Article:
Kin selection is the evolutionary strategy that favours the reproductive success of an organism's relatives, even at a cost to the organism's own survival and reproduction. Kin altruism can look like altruistic behaviour whose evolution is driven by kin selection. Kin selection is an instance of inclusive fitness, which combines the number of offspring produced with the number an individual can ensure the production of by supporting others, such as siblings.

William Donald Hamilton, FRS was an English evolutionary biologist, widely recognised as one of the most significant evolutionary theorists of the 20th century.

Fitness is the quantitative representation of natural and sexual selection within evolutionary biology. It can be defined either with respect to a genotype or to a phenotype in a given environment. In either case, it describes individual reproductive success and is equal to the average contribution to the gene pool of the next generation that is made by individuals of the specified genotype or phenotype. The fitness of a genotype is manifested through its phenotype, which is also affected by the developmental environment. The fitness of a given phenotype can also be different in different selective environments.

The Genetical Theory of Natural Selection is a book by Ronald Fisher which combines Mendelian genetics with Charles Darwin's theory of natural selection, with Fisher being the first to argue that "Mendelism therefore validates Darwinism" and stating with regard to mutations that "The vast majority of large mutations are deleterious; small mutations are both far more frequent and more likely to be useful", thus refuting orthogenesis. First published in 1930 by The Clarendon Press, it is one of the most important books of the modern synthesis, and helped define population genetics. It is commonly cited in biology books, outlining many concepts that are still considered important such as Fisherian runaway, Fisher's principle, reproductive value, Fisher's fundamental theorem of natural selection, Fisher's geometric model, the sexy son hypothesis, mimicry and the evolution of dominance. It was dictated to his wife in the evenings as he worked at Rothamsted Research in the day.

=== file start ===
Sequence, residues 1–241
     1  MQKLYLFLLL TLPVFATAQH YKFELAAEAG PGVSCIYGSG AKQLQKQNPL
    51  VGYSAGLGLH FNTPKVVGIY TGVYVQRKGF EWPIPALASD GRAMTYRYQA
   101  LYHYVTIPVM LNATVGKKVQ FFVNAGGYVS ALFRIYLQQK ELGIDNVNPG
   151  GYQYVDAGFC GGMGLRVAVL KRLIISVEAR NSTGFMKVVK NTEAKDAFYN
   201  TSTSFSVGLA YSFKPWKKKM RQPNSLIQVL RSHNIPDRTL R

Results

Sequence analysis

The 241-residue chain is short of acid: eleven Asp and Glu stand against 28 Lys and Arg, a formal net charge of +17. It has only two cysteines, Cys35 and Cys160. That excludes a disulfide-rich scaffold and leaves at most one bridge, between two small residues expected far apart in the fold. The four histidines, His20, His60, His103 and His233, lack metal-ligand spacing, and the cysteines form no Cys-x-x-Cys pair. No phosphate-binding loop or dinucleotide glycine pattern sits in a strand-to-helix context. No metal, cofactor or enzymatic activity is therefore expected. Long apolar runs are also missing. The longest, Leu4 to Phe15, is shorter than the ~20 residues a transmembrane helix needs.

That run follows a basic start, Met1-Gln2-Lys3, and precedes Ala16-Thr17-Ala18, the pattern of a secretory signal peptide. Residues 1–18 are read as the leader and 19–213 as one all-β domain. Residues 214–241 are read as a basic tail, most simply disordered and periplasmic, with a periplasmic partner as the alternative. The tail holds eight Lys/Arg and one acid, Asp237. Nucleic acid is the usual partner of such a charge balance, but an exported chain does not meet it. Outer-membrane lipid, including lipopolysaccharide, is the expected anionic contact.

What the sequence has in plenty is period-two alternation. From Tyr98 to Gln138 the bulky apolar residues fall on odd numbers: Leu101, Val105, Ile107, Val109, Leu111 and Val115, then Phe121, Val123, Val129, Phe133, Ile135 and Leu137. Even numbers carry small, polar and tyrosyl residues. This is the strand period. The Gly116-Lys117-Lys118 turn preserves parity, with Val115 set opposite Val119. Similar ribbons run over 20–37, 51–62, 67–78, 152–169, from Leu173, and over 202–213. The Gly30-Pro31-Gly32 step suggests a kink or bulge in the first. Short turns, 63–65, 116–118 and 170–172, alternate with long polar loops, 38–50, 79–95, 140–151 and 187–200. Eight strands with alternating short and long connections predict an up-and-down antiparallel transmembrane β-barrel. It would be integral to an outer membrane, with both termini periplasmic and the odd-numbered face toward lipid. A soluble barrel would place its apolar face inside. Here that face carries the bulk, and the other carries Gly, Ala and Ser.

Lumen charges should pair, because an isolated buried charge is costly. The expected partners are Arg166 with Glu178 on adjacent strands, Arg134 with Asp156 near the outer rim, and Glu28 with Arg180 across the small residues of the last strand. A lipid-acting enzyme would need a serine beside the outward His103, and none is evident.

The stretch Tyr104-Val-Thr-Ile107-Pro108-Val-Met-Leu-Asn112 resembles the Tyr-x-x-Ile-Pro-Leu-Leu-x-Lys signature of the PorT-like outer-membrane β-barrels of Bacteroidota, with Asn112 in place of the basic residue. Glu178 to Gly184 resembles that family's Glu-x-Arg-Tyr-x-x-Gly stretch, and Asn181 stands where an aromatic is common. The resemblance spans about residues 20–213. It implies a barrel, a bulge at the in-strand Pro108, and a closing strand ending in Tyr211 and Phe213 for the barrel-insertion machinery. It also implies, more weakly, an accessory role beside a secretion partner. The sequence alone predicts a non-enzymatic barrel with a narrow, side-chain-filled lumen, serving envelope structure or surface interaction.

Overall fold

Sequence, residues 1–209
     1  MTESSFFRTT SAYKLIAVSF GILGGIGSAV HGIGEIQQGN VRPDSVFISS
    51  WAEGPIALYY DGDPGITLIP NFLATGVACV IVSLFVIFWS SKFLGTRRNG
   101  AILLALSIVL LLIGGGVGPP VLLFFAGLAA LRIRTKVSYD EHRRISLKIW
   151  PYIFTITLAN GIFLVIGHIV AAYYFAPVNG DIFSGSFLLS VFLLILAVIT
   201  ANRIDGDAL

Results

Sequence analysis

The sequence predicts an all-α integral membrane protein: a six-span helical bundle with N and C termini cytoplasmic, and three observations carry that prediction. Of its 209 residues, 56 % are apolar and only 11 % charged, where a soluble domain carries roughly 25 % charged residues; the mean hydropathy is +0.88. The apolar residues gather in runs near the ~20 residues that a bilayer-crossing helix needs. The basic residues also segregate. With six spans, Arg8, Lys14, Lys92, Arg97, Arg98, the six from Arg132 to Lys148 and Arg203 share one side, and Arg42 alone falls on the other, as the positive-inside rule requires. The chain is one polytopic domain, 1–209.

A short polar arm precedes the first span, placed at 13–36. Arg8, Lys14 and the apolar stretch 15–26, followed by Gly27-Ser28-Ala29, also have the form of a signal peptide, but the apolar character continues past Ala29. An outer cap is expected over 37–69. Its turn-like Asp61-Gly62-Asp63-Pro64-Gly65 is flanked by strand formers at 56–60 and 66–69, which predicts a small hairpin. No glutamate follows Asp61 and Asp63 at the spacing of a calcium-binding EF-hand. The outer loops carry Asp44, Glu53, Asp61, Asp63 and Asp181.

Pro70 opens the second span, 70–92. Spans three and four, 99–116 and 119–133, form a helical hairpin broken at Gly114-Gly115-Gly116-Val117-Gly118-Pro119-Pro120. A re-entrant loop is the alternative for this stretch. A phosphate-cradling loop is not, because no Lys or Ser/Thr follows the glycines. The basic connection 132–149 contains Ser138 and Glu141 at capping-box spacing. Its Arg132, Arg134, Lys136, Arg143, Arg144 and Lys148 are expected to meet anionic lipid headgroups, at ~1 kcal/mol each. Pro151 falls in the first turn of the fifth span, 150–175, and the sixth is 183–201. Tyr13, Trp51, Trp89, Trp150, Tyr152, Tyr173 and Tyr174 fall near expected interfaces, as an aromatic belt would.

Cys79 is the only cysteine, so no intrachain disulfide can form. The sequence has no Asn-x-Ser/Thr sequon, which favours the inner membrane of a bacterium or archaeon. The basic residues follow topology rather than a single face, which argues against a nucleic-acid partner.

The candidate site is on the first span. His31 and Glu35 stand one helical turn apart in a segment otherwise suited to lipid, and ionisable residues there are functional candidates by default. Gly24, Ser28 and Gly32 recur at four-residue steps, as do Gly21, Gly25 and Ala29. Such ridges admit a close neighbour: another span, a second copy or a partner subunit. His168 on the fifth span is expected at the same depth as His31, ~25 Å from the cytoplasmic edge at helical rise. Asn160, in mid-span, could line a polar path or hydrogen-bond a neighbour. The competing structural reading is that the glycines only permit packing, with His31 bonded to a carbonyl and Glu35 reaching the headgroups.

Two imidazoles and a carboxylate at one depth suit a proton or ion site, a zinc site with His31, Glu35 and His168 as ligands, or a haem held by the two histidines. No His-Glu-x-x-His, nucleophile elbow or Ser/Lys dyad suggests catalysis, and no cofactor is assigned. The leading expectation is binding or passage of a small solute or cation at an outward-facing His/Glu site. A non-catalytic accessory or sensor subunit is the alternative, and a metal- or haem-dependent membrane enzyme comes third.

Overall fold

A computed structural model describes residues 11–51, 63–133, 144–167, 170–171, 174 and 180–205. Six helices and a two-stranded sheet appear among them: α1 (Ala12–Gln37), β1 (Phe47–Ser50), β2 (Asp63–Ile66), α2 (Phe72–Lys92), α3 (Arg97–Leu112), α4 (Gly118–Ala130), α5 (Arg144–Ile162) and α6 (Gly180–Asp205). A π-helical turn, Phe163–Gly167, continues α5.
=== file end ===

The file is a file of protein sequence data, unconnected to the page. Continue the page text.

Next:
The sex ratio is the ratio of males to females in a population. In most sexually reproducing species, the ratio tends to be 1:1. This tendency is explained by Fisher's principle. For various reasons, however, many species deviate from anything like an even sex ratio, either periodically or permanently. Examples include parthenogenic species, periodically mating organisms such as aphids, some eusocial wasps such as Polistes fuscatus and Polistes exclamans, bees, ants, and termites.

George Robert Price was an American population geneticist.

Evolutionary game theory (EGT) is the application of game theory to evolving populations in biology. It defines a framework of contests, strategies, and analytics into which Darwinian competition can be modelled. It originated in 1973 with John Maynard Smith and George R. Price's formalisation of contests, analysed as strategies, and the mathematical criteria that can be used to predict the results of competing strategies.

Linear discriminant analysis (LDA), normal discriminant analysis (NDA), or discriminant function analysis is a generalization of Fisher's linear discriminant, a method used in statistics, pattern recognition, and other fields, to find a linear combination of features that characterizes or separates two or more classes of objects or events. The resulting combination may be used as a linear classifier, or, more commonly, for dimensionality reduction before later classification.

The drawdown is the measure of the decline from a historical peak in some variable.

A population can be described as being in an evolutionarily stable state when that population’s “genetic composition is restored by selection after a disturbance, provided the disturbance is not too large”. This population as a whole can be either monomorphic or polymorphic.

In probability theory and intertemporal portfolio choice, the Kelly criterion, also known as the scientific gambling method, is a formula for bet sizing that leads almost surely to higher wealth compared to any other strategy in the long run. The Kelly bet size is found by maximizing the expected value of the logarithm of wealth, which is equivalent to maximizing the expected geometric growth rate. The Kelly Criterion is to bet a predetermined fraction of assets, and it can seem counterintuitive.